Funny thing about love at first sight—sometimes it actually pans out, but not in the way you might expect. Case in point: When a young family decided to leave their urban existence in downtown Chicago for life in the suburbs, they thought they had found their forever home in Winnetka. But it was during a time of high demand in the housing market, and inventory was scarce. Like many nest seekers at the time, they put in an offer and were outbid. Crestfallen, they made note of the architect, Paul Konstant, hoping that one day they might hire him to build their dream dwelling.
By luck, in the same town the family discovered a plot of land where a beautiful red-brick Georgian stood that had been left unoccupied over the winter. The pipes had frozen and burst, causing so much damage that saving the structure wasn’t feasible; however, it presented an opportunity. Remembering how much they loved that first house, they purchased the tear-down property and hired Paul to design a new residence on the site: a stately, five-bedroom, white-brick contemporary colonial. “The area is fairly eclectic, so if you drove down the street you wouldn’t know whether it was an old house that had been whitewashed and cleaned up a bit or new construction,” says Paul. “It blends into the neighborhood nicely.”
Gradually, the family settled into the home, but they decided to hold off on decorating the interiors, taking some much-needed time first to acclimate. “When you move into a new home, you’ve worked so hard on all the choices with the architect and the builder that you want to hit pause to decide how you’d like to see it evolve,” says the wife.
That decision proved to be serendipitous: A few years later, Paul’s daughter, Natalie, joined her father’s firm, launching an interior design division. “The timing lined up really well because Natalie came onboard right when we decided to address the interiors,” says the wife. “She and Paul are cut from the same cloth; they both have an eye for design and they totally get it. We couldn’t have planned it better if we’d tried.”
While the home’s interior architecture skewed traditional—think dark hardwood floors, white paneled molding and coffered ceilings—the clients made it clear from the beginning that they didn’t want a typical neutral-toned North Shore house. “They have three young kids and a dog, and they have a lot of energy. Their home should reflect that,” says Natalie. “Using color was a way to bring their spirit into the project.”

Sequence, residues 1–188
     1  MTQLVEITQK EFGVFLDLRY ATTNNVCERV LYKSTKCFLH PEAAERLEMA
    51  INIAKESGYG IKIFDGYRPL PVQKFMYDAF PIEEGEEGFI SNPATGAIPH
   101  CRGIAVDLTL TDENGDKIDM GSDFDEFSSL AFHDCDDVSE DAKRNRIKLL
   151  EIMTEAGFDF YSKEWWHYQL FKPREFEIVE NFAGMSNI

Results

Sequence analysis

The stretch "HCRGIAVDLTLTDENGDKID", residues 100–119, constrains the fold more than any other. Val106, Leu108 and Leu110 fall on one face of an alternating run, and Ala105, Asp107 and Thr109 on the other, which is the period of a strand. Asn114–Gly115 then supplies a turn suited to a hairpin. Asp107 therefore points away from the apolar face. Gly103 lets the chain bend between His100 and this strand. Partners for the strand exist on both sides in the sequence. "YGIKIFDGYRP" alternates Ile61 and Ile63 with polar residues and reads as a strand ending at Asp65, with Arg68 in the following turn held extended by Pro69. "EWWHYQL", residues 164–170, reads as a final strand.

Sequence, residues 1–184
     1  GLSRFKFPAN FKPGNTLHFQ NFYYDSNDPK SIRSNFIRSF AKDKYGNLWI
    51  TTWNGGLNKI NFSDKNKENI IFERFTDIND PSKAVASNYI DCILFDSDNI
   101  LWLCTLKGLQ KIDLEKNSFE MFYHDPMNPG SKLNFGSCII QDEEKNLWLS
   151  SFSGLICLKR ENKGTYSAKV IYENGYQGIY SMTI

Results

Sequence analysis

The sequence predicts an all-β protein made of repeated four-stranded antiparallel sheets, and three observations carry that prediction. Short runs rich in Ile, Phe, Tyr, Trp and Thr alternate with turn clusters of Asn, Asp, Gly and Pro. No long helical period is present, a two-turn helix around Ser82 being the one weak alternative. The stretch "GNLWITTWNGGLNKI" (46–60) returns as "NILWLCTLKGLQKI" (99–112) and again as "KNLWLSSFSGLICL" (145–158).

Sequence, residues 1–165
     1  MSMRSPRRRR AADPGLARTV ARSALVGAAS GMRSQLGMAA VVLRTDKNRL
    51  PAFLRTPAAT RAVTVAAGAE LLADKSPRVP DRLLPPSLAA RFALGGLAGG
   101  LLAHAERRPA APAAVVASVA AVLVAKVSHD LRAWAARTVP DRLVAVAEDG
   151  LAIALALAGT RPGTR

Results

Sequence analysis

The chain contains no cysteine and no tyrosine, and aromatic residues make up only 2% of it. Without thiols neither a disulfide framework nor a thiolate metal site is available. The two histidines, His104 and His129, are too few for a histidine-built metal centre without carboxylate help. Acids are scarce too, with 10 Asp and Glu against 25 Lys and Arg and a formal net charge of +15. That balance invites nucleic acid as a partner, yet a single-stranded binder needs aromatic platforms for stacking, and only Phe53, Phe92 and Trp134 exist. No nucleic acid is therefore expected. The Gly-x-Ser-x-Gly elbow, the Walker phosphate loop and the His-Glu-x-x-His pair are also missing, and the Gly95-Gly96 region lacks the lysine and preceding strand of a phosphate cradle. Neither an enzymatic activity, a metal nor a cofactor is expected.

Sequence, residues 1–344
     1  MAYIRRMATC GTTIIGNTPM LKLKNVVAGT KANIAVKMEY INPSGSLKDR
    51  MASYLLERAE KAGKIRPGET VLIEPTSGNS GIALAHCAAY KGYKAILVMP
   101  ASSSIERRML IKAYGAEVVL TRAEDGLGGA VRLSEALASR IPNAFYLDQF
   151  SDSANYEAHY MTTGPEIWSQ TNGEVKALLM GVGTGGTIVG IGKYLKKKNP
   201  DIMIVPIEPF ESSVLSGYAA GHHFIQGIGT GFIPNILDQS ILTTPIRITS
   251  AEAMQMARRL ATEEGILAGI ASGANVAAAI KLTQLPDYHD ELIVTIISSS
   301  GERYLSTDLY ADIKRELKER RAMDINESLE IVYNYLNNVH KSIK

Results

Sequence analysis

Natalie used pale blue as a base, beginning with the walls, which were painted a custom color that at first glance almost registers as white. The barely-there hue ties all the rooms together and serves as a cohesive backdrop for strategically layered accents in shades of cobalt, pink, orange and purple. Some of the boldest shots of color come from the artwork: A vibrant Eddie Martinez print, which the couple bought on a trip to New York City, greets visitors in the entry, and a large-scale Casper Brindle piece made from automobile paint hangs in the living room, hinting at a horizon line through a strong feminine palette.
While the owners are serious collectors, they also prioritized works by three young artists who are lesser-known outside the home: their children. Above the fireplace just off the kitchen hangs a fabric pinboard that serves as a constantly revolving gallery for artwork by the kids.
Filling the home with sophisticated yet kid-friendly touches was an exercise in balance. The designer opted for generously proportioned pieces with more contemporary silhouettes but upholstered them in indoor-outdoor, stain-resistant textiles, reserving the delicate specialty silks for pillows and accessories, a move that appeases both the adults and the younger set. “We’re getting to a point where luxe and livable are one and the same,” says Natalie. “Still, life happens—if someone spills something, it shouldn’t be the end of the world. It’s about making smart choices to create a truly comfortable space.”
And feeling a sense of ease in one’s home seems more important now than ever, whether it’s through simple pleasures like enjoying a worry-free glass of red wine on a white sofa or knowing there are enough private nooks for everyone to steal away to for much-needed down time. “This house gives us a base to be together as a family, regroup and relax,” says the wife. “Right now, there’s no place I’d rather be.”